And what can we say about jihadist terrorism in Ghana? Throughout these years of fire, blood and pain in the Sahel area, Ghana has remained a little safe from serious terrorist incidents, although over the years the country has been the subject of investigations by international security and intelligence services for having been detected in the country terrorists who have subsequently acted in other areas, including the United States. In 2010 when FBI agents and local authorities in Ghana discovered that the perpetrator of the thwarted attack in Detroit spent two weeks in the Muslim suburbs of the capital before the attack. There is no doubt that jihadist groups have set their sights on the area.
Following the increase in attacks on Christian targets in Burkina Faso, neighboring countries such as Ghana have increased security measures at their borders, as well as in their places of worship. Indeed, the Archbishop of Accra, John Bonaventure Kwofie, has stated to the local press that "security has become a big problem, after what happened in Sri Lanka and what is happening in Burkina Faso [...] Because it is closer to us, we are alert to face this approaching security threat," he said, before indicating that "it is time to be awake and see what can be done to protect the innocent who goes to church. In January 2019, the Spanish Salesian Antonio Cesar Fernandez died in an attack in Burkina Faso, 40 km from Ghana.
A Burkinabe was arrested in Ghana on June 2: he entered a Catholic church in the town of Jirapa carrying a gun hidden in his belt and, although he showed no suspicious attitude, the rest of the faithful warned of the situation when they noticed the gun. And they were right to warn because a statement from the African Centre for Security and Intelligence Studies (ACSIS) advised of the increased likelihood that churches in the northern regions of Ghana would suffer terrorist attacks similar to those recorded in Burkina-Faso.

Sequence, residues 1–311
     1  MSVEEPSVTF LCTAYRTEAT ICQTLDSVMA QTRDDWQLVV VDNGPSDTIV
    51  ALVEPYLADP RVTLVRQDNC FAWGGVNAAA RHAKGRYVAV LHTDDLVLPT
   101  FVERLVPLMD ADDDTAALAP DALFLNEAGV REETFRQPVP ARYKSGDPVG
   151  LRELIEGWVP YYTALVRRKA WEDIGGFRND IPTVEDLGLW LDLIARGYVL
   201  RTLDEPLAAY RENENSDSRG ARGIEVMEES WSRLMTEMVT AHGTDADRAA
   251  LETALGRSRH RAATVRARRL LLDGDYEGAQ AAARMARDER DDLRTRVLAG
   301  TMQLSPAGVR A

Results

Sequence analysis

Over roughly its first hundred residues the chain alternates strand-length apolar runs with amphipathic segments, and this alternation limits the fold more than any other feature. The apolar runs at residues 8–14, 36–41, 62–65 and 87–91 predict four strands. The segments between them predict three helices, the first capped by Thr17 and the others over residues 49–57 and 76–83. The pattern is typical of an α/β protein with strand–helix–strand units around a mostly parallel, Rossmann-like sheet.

In summary, we can indicate that in the African continent there are about 10000 combatants of both Al Qaeda and Dáesh, as indicated by the Foreign Minister of Morocco at the 2018 Summit of the Anti-Jihadist Coalition. In the Sahel area, the most active, deadliest and most dangerous group in recent years has been Boko Haram, which in the local Hausa dialect means "Western education is forbidden," although he is not alone.
As can be seen from the incident maps of the African area, the area south of the Sahel, the Gulf of Guinea, is for the time being free of incidents of these terrorist groups.
*International Observatory for Studies on Terrorism (OIET)
It would be nothing disposable for jihadist groups in the region to move their area of operations to the southernmost part of the Sahel, southern Nigeria, to the western Gulf of Guinea due to the pressure of military operations in the area, such as Operation Barkhane, Operations Serval and Epervier, or the joint international force (MNJTF) backed by the African Union (AU) and the European Union (EU).
As President Macron said at the funeral for the 13 French soldiers killed in an attack in Mali, "all options in this fight will be reviewed. The need for international cooperation is imperative, but not only at the level of police, military, or intelligence. It is obligatory to favor the existence of democracies such as that of Ghana, seeking programs so that stable structures of the State such as health, education, justice, low levels of corruption, gain stability in the face of unreasonable Jihadist terrorism. May the citizens see a future in their country and not fall into the clutches of these terrorist groups.
The reason to keep these efforts to maintain stable state structures should be because to allow these terrorist groups to have power in Africa, groups that govern under the Shari'a would affect severely and importantly to Europe, the whole West, and the entire world.